Picture Frame Wreath
Picture Frame Wreath with Dry Brushed Painted Frame
I had a special request for a picture frame wreath back at Christmas. The wreath turned out beautifully using a decorative ready to paint frame that I painted then went over with a crackle glaze. I liked it so much, I decided to make an “any occasion” picture frame wreath to go on a narrow wall next to the staircase in my living area.
Painting the Frame
Start with a raw wooden frame. I couldn’t find a crackle glaze at the hobby store so I decided to do a dry brush technique to give the frame some visual interest. A chalk paint gives great coverage, I used a Martha Stewart brand. The colors I went with are called Tilled Soil for the base and Wedding Cake for the dry brush over it.
Paint the frame with the base color and allow a couple of hours for it two dry, according to the paint directions.
Then add the lighter color paint using a dry brush technique. Dry brushing is just what it sounds like. It’s using a brush that is almost dry; there’s just a dab of paint on the bristles. I shook up the paint and just used the paint that had pooled on the lid. It’s really plenty for this. Dip your brush in the paint that’s on the lid, then dab most of it off on a paper towel. The key is to get the brush pretty dry and then use very light strokes.
This is not a difficult technique- but you do need to be careful when you first touch the brush to the surface you’re painting. You need a feather light touch- working in the groves first is probably the best place to start. I was rocking along pretty well, and then this happened:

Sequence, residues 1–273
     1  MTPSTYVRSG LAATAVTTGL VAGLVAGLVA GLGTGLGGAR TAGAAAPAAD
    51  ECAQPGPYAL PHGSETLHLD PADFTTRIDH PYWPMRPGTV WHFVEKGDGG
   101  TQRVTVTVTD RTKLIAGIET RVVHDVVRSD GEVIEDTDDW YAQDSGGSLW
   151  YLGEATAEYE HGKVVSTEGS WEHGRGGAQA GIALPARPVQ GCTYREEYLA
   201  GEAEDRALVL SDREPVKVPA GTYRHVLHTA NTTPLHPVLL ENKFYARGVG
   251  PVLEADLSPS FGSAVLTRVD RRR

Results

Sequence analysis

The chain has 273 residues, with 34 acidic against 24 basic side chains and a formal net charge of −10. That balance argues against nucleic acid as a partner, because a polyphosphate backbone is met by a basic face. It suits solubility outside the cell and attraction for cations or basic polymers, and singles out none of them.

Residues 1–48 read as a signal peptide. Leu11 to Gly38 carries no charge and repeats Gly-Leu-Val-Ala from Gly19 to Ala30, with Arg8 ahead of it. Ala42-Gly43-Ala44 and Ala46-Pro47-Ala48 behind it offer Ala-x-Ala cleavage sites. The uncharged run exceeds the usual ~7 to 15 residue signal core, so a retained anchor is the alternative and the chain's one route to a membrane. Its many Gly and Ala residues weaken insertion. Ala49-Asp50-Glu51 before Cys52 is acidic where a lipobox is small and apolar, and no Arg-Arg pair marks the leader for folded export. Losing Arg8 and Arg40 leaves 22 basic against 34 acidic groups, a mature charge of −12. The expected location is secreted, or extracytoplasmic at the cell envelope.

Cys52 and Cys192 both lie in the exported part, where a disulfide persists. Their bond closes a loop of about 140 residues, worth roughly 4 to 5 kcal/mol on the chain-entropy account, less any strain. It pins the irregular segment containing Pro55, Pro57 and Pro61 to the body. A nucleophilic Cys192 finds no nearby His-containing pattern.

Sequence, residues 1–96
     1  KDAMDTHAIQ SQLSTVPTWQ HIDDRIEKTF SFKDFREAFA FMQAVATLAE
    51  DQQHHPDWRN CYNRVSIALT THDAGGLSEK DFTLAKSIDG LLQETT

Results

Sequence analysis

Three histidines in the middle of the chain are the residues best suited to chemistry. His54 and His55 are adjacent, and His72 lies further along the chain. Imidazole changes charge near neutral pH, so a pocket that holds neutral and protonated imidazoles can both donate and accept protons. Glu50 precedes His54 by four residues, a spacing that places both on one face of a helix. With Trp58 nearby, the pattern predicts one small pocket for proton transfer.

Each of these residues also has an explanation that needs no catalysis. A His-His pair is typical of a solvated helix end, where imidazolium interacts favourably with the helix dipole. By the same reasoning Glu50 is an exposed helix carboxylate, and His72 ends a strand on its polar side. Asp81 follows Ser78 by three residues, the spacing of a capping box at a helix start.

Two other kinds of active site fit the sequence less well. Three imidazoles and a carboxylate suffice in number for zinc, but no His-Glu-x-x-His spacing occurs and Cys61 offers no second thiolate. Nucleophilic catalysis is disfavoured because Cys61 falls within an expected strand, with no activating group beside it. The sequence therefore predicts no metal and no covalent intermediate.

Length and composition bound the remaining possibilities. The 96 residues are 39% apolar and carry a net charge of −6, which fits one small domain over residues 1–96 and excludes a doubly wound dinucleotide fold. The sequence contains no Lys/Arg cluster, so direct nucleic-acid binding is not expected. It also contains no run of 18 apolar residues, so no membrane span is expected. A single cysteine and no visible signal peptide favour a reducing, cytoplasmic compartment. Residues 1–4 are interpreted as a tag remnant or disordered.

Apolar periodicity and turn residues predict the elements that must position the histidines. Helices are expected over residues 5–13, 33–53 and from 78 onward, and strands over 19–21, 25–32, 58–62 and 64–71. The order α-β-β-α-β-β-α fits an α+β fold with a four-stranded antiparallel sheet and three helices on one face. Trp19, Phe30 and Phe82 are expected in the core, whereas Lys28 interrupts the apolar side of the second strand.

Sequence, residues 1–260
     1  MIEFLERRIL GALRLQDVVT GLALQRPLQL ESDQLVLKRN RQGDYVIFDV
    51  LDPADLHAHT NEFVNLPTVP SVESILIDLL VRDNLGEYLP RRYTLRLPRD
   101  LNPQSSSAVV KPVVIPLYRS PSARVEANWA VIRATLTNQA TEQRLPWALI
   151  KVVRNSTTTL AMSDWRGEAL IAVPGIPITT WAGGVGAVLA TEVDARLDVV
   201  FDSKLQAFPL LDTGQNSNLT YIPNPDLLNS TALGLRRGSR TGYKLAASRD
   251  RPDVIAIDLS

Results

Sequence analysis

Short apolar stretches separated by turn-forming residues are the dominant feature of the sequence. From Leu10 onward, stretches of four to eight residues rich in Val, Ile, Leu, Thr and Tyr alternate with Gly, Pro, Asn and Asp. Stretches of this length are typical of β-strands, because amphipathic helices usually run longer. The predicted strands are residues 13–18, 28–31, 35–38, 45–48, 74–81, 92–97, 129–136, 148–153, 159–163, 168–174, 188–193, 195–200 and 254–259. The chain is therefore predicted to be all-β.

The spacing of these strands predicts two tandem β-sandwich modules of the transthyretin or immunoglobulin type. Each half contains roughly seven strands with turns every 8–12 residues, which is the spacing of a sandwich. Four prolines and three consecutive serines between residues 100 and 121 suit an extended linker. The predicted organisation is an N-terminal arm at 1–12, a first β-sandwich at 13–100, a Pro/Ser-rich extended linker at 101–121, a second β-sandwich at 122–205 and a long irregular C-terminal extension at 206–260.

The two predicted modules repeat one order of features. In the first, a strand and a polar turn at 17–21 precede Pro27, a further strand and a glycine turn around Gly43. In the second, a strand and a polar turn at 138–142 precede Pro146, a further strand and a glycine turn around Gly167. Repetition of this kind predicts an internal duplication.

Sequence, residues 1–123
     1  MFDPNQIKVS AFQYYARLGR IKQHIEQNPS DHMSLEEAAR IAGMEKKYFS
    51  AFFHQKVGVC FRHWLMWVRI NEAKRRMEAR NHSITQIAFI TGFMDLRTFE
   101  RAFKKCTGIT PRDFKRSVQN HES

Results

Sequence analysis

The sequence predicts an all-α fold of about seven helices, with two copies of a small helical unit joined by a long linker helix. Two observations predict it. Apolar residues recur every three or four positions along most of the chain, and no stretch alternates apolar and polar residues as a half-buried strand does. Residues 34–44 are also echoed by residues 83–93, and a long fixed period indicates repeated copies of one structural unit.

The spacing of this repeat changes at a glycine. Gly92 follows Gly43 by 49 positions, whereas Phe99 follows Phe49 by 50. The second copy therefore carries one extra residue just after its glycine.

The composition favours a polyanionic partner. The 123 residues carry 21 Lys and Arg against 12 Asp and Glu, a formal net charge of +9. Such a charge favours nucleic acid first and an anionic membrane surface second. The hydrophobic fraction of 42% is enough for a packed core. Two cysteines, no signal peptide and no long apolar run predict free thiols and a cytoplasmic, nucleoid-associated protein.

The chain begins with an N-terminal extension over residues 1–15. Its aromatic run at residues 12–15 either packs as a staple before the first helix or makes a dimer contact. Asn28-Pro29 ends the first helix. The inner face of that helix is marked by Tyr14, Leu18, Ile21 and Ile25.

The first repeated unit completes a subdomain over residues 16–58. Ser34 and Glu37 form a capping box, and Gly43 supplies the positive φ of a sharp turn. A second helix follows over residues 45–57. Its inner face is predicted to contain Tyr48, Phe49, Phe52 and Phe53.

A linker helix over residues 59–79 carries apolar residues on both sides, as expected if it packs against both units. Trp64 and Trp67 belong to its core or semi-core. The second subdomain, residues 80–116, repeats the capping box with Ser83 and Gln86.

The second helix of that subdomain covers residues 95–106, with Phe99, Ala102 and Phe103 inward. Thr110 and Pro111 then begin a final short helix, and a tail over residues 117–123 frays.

I went a little heavy here. Fortunately that it was in the corner- I didn’t get too upset because I knew I’d be layering in greenery and flowers and you would never know. If it were in a less forgiving spot, I could have gone a little heavier all the way around the frame and it would have still had that sort of weathered look and been fine.
Adding Your Florals
Next I started layering in my greenery.
Start with gluing a base of greenery and filler onto the frame. I use the pot type of hot glue- where the little electric skillet looking pot melts glue chips (see below). This glue seems to hold much better than regular hot glue out of a gun. You need to be sure your greenery has areas that are really glued well and that the outer areas are looser and more natural. Continue adding your next layer of “greenery” (it’s not necessarily green as you can see here:).
Add in some interesting filler and then your flowers. I found some really cool denim flowers and thought they’d be great for this wreath. It’s the perfect little rustic touch.
I love the result. There are several other ways to go with this wreath. It’s perfect for a center monogram, or another element in the corner opposite the flowers. Really the possibilities are just about endless. Here’s an example of the one I made for Christmas.